What Was the Cold War? A Brief Historical Overview

What Was the Cold War? A Brief Historical Overview

The United States and Russia have had a complicated relationship over the years, to say the least. Though both countries were allies during World War II, sharing a common enemy in Nazi Germany, they would soon after find themselves in a struggle for global supremacy. This conflict, later called the “Cold War”, was not fought directly, but rather through a series of proxy wars, propaganda campaigns, intelligence operations, economic aid to countries they could influence, military coalitions, and the building of massive arms capabilities. 

The term “cold war” originates in George Orwell’s 1945 essay, “You and the Atomic Bomb”. It was first used to describe the geopolitical confrontation between the USSR and the US in a 1947 speech by Bernard Baruch, an influential Democratic presidential advisor. Experts place the official years of the Cold War between 1947 to 1991.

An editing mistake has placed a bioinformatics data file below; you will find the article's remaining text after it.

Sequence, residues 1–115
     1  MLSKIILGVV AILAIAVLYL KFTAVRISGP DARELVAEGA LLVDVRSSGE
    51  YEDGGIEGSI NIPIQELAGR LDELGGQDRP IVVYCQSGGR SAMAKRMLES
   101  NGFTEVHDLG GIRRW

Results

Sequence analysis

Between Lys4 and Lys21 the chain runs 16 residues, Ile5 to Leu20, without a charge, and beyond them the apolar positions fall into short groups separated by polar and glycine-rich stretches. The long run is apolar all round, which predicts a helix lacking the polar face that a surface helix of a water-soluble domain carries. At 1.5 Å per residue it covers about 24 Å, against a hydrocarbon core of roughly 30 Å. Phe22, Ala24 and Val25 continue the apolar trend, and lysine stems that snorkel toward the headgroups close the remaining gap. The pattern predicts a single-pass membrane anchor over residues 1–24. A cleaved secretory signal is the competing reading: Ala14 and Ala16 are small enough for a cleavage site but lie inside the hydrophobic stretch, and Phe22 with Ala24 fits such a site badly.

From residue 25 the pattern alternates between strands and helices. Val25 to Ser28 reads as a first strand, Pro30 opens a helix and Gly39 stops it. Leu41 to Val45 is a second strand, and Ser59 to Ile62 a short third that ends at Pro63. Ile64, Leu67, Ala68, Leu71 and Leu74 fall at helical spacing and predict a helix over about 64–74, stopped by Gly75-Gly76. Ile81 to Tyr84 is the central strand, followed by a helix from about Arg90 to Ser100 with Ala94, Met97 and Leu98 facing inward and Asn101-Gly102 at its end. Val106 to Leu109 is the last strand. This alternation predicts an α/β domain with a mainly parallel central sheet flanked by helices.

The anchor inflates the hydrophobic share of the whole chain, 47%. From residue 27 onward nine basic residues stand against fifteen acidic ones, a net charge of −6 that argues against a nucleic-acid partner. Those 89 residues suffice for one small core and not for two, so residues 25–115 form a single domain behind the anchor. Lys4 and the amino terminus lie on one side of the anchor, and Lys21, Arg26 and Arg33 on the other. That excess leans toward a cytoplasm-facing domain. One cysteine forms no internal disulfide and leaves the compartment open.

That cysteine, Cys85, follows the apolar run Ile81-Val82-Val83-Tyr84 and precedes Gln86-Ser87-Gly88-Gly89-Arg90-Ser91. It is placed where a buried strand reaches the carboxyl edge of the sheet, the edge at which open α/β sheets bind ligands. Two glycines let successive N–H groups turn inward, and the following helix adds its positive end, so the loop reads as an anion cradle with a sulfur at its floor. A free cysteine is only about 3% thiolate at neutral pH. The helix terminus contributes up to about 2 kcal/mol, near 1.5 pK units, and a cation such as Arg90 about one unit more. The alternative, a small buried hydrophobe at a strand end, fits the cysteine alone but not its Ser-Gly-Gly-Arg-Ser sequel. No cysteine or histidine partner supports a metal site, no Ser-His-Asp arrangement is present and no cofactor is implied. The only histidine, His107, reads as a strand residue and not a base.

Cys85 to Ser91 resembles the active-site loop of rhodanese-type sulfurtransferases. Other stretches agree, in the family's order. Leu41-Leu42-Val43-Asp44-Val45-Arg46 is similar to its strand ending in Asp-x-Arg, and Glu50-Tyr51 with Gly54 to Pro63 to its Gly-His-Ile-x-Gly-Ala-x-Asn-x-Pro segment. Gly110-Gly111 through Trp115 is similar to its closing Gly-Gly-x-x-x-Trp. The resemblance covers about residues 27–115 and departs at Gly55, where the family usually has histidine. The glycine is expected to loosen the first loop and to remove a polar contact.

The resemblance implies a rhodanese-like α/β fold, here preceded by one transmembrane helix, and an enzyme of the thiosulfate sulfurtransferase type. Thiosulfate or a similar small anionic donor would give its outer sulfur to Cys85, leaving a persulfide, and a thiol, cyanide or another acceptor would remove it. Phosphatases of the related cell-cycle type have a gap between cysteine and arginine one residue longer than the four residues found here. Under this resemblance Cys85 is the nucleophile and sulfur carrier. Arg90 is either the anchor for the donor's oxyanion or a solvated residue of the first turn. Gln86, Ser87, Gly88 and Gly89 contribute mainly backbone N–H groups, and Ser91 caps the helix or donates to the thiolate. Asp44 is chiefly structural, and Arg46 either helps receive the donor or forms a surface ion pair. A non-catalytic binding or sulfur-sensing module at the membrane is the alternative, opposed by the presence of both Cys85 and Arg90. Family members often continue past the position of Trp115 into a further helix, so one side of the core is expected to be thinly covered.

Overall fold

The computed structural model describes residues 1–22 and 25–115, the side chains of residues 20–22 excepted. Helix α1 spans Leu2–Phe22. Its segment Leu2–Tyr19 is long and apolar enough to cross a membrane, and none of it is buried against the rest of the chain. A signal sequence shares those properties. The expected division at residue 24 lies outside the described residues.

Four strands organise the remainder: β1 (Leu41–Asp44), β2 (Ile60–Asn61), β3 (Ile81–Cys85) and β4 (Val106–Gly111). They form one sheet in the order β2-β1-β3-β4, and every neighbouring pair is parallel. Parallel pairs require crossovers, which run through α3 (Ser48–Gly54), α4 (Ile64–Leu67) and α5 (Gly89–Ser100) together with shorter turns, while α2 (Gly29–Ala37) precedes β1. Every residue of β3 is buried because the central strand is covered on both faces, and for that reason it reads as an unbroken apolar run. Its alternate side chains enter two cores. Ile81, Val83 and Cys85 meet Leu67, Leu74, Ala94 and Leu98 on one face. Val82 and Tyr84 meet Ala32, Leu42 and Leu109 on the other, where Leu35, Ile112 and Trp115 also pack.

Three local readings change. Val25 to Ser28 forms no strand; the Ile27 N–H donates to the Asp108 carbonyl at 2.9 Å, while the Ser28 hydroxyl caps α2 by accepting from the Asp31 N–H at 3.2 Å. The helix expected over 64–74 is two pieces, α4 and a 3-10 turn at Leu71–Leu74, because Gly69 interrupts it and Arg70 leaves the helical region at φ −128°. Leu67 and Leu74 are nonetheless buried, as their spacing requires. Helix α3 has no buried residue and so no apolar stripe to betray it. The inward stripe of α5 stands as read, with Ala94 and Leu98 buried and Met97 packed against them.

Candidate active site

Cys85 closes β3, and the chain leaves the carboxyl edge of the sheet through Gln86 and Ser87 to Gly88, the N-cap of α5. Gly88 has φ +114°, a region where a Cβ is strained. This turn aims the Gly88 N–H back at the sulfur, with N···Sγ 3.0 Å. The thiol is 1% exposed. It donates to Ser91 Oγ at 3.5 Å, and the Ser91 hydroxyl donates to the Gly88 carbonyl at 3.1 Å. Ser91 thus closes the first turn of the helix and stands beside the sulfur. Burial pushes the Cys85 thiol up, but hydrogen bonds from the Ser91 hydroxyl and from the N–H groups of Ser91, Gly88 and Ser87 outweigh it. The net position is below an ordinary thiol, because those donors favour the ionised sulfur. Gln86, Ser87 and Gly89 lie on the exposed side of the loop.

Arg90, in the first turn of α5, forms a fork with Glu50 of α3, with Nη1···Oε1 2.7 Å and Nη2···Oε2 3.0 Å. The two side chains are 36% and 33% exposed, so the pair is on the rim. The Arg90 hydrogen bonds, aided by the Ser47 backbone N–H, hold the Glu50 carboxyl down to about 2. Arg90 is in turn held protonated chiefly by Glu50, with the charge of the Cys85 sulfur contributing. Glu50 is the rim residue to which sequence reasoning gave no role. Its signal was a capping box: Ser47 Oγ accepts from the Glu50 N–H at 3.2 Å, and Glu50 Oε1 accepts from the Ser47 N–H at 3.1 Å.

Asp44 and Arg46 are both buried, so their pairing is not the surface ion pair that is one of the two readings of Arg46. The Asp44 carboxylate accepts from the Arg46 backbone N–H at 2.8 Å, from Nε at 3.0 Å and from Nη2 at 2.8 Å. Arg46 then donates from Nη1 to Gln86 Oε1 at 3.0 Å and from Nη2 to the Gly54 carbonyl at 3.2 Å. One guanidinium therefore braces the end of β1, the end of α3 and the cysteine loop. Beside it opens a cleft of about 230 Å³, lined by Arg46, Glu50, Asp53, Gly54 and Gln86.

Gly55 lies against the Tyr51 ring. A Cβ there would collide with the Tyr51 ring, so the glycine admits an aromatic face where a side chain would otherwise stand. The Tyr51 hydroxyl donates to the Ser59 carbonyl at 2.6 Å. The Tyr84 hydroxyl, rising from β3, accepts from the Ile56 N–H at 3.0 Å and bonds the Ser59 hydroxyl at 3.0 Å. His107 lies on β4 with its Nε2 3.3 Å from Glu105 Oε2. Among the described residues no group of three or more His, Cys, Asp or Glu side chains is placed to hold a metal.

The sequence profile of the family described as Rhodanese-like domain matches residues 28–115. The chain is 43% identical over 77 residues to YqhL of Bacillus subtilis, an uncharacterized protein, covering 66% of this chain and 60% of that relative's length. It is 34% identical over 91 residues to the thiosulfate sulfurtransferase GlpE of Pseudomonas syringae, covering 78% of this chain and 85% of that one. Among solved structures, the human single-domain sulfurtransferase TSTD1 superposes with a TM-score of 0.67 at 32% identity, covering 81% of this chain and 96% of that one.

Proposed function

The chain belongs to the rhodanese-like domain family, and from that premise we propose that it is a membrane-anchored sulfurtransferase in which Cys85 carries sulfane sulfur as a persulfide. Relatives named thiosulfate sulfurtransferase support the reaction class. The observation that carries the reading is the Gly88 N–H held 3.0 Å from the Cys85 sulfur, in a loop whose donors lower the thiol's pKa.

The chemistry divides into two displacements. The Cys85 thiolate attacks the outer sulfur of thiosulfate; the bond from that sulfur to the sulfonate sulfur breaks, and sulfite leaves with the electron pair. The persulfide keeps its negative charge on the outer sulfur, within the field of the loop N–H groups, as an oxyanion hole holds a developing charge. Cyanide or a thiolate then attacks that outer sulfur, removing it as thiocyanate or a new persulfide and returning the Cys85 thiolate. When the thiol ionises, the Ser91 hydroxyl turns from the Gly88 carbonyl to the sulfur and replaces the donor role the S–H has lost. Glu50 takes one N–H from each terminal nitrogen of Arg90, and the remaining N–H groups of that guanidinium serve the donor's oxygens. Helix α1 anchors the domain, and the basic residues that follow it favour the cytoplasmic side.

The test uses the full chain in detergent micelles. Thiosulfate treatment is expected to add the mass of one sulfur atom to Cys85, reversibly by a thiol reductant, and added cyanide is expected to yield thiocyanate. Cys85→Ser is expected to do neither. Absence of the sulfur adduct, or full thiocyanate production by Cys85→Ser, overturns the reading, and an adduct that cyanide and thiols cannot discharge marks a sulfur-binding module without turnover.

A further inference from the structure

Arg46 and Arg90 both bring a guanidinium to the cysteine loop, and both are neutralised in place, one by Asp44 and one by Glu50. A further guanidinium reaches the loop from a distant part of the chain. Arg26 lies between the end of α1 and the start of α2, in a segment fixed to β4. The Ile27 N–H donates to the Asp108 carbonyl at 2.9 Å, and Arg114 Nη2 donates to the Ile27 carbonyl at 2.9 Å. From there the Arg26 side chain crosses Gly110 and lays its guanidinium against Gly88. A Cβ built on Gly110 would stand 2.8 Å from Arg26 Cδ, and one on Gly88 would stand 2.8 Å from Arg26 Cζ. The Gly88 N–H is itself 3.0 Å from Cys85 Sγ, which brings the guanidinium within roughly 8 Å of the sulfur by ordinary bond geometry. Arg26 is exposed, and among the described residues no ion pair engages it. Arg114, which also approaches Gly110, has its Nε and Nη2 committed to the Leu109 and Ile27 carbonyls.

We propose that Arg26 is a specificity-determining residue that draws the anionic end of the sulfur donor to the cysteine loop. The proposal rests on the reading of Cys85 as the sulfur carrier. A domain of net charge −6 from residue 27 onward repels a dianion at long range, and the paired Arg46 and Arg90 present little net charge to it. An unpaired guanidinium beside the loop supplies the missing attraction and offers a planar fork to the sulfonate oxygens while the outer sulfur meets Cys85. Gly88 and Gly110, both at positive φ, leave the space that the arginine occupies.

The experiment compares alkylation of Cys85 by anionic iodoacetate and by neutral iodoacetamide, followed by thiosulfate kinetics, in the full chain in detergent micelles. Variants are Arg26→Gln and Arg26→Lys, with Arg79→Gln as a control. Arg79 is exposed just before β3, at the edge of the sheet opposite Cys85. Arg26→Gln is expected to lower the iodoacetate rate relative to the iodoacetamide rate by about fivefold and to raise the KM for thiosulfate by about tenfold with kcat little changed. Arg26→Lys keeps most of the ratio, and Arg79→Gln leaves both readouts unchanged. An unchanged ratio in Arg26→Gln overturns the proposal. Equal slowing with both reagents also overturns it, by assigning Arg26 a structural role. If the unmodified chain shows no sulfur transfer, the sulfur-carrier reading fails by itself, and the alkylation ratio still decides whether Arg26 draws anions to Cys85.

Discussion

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Geopolitical Tension

After Nazi Germany surrendered in May, 1945, the shaky wartime alliance that had existed between the United States, the United Kingdom, and the Soviet Union began to fall apart. In addition to general disagreements over what the map of Europe should look like, the three powers were also suspicious of one another.

Winston Churchill sought to maintain the British Empire by securing control of the Mediterranean and creating a buffer of independent states between the UK and USSR. Franklin D. Roosevelt had more global goals–he hoped that America might emerge as the leaders of a world peace organization. He also wanted to ensure US economic supremacy over the British. 

But both leaders had to deal with the unpredictable Joseph Stalin. The Soviet Union wanted to expand their territory and exert influence over their neighbors, and had demonstrated their willingness to do so when they invaded Poland just 17 days after the start of World War II. But Stalin was also very skeptical of the US and UK. In fact, it was his belief that both countries had conspired against the USSR to make sure they bore the brunt of fighting against Germany. His negative perceptions of the West would only fuel the tension and hostility between the Allied powers.

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The Truman Doctrine